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Keynes, Uncertainty and the Global Economy

Beyond Keynes, Volume Two

Edited by Shelia C. Dow

The revival of interest in Keynesian economics since the late 1980s reinstates the importance of Keynes’s contribution to economic theory and policy. This is the second of two volumes in which authoritative contributions are presented by an outstanding group of international experts to celebrate Keynesian economics, and to review and further the developments of post Keynesian economics of recent years.
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Chapter 3: On the issue of realism in the economics of institutions and organizations: themes from Coase and Richardson

Uskali Mäki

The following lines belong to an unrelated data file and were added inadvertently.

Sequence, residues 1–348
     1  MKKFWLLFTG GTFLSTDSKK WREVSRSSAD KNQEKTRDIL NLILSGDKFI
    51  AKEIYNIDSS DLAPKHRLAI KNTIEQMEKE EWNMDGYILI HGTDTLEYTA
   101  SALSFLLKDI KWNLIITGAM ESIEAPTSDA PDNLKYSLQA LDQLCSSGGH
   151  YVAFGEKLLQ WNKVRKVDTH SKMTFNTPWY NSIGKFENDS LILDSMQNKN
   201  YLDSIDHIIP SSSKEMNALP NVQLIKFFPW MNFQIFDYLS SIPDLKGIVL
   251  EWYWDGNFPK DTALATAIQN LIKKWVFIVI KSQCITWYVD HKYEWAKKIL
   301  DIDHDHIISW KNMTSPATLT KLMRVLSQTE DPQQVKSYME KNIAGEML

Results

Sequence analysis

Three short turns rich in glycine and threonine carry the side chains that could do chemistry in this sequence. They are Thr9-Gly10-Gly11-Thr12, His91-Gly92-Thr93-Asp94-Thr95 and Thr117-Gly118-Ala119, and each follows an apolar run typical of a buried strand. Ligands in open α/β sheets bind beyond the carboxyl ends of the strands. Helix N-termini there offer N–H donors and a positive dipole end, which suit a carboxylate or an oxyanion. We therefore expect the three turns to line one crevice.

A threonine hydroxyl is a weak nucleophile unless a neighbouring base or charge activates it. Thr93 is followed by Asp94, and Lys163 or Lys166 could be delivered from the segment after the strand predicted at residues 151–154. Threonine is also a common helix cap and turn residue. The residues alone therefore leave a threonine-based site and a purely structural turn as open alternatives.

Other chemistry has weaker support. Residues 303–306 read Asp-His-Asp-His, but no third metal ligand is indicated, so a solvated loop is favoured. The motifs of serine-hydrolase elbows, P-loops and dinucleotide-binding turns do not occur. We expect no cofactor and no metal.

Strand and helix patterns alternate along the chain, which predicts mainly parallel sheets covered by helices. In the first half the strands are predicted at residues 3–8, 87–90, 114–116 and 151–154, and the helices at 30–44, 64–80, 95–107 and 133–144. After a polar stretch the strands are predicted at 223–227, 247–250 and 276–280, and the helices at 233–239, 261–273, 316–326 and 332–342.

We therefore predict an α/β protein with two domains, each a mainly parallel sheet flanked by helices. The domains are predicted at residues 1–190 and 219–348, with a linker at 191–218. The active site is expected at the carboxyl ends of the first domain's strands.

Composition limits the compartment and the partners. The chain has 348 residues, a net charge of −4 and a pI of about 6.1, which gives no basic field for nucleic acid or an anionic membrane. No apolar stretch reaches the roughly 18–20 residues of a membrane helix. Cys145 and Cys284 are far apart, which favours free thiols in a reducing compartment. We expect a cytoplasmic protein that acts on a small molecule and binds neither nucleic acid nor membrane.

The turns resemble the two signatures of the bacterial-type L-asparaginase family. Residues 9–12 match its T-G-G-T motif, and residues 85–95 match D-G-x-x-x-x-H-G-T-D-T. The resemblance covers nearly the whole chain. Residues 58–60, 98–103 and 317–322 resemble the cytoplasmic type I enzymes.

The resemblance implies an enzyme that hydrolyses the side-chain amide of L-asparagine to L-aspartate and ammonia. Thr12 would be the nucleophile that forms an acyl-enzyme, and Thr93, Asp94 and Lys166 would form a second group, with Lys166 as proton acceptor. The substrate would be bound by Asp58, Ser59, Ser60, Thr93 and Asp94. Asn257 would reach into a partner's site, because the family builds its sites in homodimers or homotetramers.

Uskali Mäki I INTRODUCTION As suggested on an earlier occasion, the new economics of institutions and organizations deserves special attention by those who are interested in methodological issues in economics (Mäki, 1993b). There appears to be an opportunity for mutual benefit from a closer contact between economic methodology and this broad and varied field of economics. On the one hand, like many other young and burgeoning fields, the new economics of institutions abounds with intriguing methodological issues awaiting the touch of methodologists equipped with sophisticated tools of meta-analysis. Contributions to the resolution of these open methodological issues may turn out to be contributions towards the resolution of some of the more substantive issues in the field at large. On the other hand, economic methodology as a semi-autonomous subfield of study is in need of reorientation, and for this it needs to develop more intimate forms of interaction between methodological theory and the substance of economics. One way of accomplishing this is to acquire empirical evidence pertaining to economics by looking more closely at what economists in this thriving field are doing, what their theories are like, and how they themselves perceive the nature of their endeavour. Most practitioners in the economics of institutions and organizations share a concern for realisticness of theories. This chapter suggests steps towards an analysis of this concern by examining the ideas of two modern classics in the field, Ronald Coase and George Richardson. There is much that these economists share. First,...

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